Nobody is Automatically Guilty. Justice Will Be Served.
Looking at what I've written so far, I have a feeling it looks like I want to blame truckers all the time, regardless of the accident. It would be hypocritical to say that private motorists should always have the benefit of the doubt if I'm saying that truckers should not. Nobody gets a free pass. Every motorist is responsible for his or her behavior, and while I cannot agree with the idea that everyone recklessly plays chicken with tractor-trailers, nor do I believe that semi-trucks are relentless death-engines driven by madmen.
Evidence, not anyone's opinion, is the real arbiter of truth. Crashes happen for all kinds of reasons, and no one is liable until their liability is proven. Private motorists and commercial truckers are entitled to the same due process. We don't distinguish between their Constitutional entitlements any more than we do between those of surgeons and rodeo clowns.
Things can get slightly skewed during preliminary crash investigation, because often a wreck between a semi-truck and a passenger car ends in fatal injury for the driver of the smaller vehicle. With only the trucker's testimony available, the available narrative can depart from the strictest truth. This is not a mark against the trucker, or an implication that a cover-up takes place; it's our natural inclination to tell a story that makes us look good. Like I said, truckers are human, and that means telling the details of the accident from a certain point of view in which a car might have "come from nowhere." A complete investigation is often needed to determine where perspective may have diverted slightly from fact.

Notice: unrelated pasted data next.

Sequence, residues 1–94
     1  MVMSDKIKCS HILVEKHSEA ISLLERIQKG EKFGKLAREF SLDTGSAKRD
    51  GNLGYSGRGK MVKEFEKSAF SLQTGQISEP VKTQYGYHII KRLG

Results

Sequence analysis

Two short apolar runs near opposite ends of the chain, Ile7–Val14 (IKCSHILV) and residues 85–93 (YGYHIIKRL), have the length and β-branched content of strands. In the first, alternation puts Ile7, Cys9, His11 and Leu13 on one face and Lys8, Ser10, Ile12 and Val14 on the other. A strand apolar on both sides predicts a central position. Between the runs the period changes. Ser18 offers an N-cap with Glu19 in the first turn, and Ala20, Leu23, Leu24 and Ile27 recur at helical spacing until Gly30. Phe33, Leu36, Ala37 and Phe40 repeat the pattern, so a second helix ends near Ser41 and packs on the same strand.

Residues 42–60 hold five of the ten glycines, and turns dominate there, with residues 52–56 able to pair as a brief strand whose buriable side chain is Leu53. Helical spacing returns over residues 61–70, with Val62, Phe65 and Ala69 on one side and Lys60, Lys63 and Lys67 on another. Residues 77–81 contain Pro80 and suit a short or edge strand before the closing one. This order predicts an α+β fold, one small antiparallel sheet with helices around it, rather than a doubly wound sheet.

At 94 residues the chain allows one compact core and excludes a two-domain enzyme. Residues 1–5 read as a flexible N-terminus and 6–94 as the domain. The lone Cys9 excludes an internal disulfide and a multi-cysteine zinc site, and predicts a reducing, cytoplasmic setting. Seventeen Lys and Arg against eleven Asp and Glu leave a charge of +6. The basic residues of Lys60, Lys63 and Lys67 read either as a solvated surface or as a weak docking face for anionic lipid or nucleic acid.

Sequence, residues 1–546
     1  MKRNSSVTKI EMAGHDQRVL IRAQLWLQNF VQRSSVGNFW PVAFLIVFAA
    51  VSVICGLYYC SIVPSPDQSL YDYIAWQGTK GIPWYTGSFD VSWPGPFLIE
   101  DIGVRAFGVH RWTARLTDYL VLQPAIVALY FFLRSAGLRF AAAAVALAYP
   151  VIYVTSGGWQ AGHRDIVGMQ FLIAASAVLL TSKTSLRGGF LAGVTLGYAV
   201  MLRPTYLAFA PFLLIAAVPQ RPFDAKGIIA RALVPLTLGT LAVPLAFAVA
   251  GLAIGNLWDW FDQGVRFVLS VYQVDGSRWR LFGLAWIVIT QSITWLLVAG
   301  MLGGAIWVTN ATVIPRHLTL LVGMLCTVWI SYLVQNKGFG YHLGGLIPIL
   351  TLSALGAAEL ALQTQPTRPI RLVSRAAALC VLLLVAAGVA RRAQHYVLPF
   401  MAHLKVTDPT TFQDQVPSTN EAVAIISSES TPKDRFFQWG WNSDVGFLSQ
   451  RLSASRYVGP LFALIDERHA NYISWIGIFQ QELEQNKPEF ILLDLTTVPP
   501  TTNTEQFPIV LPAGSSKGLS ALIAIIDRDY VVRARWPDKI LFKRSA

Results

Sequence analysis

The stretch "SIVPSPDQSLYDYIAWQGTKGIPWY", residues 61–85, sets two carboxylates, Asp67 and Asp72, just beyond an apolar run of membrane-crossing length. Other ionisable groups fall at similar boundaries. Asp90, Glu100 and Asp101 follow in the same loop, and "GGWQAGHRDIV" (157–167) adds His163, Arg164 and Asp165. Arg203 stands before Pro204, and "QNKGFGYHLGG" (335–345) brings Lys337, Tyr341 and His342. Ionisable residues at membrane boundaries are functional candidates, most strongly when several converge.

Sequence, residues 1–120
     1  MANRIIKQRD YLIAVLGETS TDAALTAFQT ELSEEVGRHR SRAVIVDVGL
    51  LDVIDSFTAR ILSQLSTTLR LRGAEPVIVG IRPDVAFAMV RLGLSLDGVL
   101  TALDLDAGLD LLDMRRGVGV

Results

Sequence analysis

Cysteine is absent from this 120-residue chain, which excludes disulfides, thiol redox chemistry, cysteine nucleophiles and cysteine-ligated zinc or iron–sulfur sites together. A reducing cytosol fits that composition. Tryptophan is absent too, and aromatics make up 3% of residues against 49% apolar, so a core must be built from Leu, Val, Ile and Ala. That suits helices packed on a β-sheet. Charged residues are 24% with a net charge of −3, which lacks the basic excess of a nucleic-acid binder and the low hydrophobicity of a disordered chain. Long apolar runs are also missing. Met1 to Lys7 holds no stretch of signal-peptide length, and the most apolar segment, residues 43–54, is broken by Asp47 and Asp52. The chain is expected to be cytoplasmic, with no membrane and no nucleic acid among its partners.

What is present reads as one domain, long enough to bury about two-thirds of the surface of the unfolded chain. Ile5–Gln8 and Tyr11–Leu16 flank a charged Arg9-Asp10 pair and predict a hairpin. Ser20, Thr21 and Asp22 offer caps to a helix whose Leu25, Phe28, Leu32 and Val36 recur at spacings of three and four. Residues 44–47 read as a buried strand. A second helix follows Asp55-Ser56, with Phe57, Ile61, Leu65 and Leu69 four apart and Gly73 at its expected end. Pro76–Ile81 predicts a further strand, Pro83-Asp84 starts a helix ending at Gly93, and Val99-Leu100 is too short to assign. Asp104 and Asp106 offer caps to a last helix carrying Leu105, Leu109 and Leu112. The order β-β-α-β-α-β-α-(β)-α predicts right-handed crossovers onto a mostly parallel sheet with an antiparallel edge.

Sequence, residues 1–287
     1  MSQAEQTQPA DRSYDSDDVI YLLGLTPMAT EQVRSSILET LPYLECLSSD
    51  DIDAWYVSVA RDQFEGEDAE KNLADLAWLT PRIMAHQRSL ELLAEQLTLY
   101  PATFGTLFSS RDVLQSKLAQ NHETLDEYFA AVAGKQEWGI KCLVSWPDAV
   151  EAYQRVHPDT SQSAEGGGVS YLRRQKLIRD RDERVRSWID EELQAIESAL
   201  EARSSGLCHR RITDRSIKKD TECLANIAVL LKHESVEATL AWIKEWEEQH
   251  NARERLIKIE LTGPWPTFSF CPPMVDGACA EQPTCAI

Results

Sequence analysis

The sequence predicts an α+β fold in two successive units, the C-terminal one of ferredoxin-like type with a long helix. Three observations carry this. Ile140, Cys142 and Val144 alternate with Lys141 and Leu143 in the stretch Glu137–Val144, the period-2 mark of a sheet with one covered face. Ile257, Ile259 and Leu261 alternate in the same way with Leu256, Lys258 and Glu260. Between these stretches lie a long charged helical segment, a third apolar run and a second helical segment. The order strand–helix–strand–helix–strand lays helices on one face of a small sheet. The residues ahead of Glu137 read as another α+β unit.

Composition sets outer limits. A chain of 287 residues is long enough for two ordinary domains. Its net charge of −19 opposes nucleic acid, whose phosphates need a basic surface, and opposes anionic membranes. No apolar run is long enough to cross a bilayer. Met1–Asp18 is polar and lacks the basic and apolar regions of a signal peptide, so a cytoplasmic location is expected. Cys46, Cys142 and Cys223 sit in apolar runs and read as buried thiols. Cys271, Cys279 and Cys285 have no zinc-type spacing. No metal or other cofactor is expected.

When you want news, do not go to social media. Visit a reputable news source; their reporting is not always going to be impeccable, but there is significantly less chance it has been altered or doctored. For opinions about the news, there is absolutely no shortage of them available virtually anywhere on the Internet. Sometimes they're innocuous; I, for instance, cannot stand candy corn. Others are considerably more toxic; you are welcome to visit Breitbart for examples, though I will not link to them here.
The Electronic Age has also provided us all with everything we need to digest information, turn it to opinions, and resubmit it to the Web as "facts" that better serve our purposes. Some people (like our "reporters" above) are only too happy to take tragedy and appropriate it to preach their own messages. I don't disagree with their core notion of "be careful on the road," of course, but I don't believe telling lies to achieve such a simple end was particularly necessary.
The manipulation of tragedy will always turn my stomach.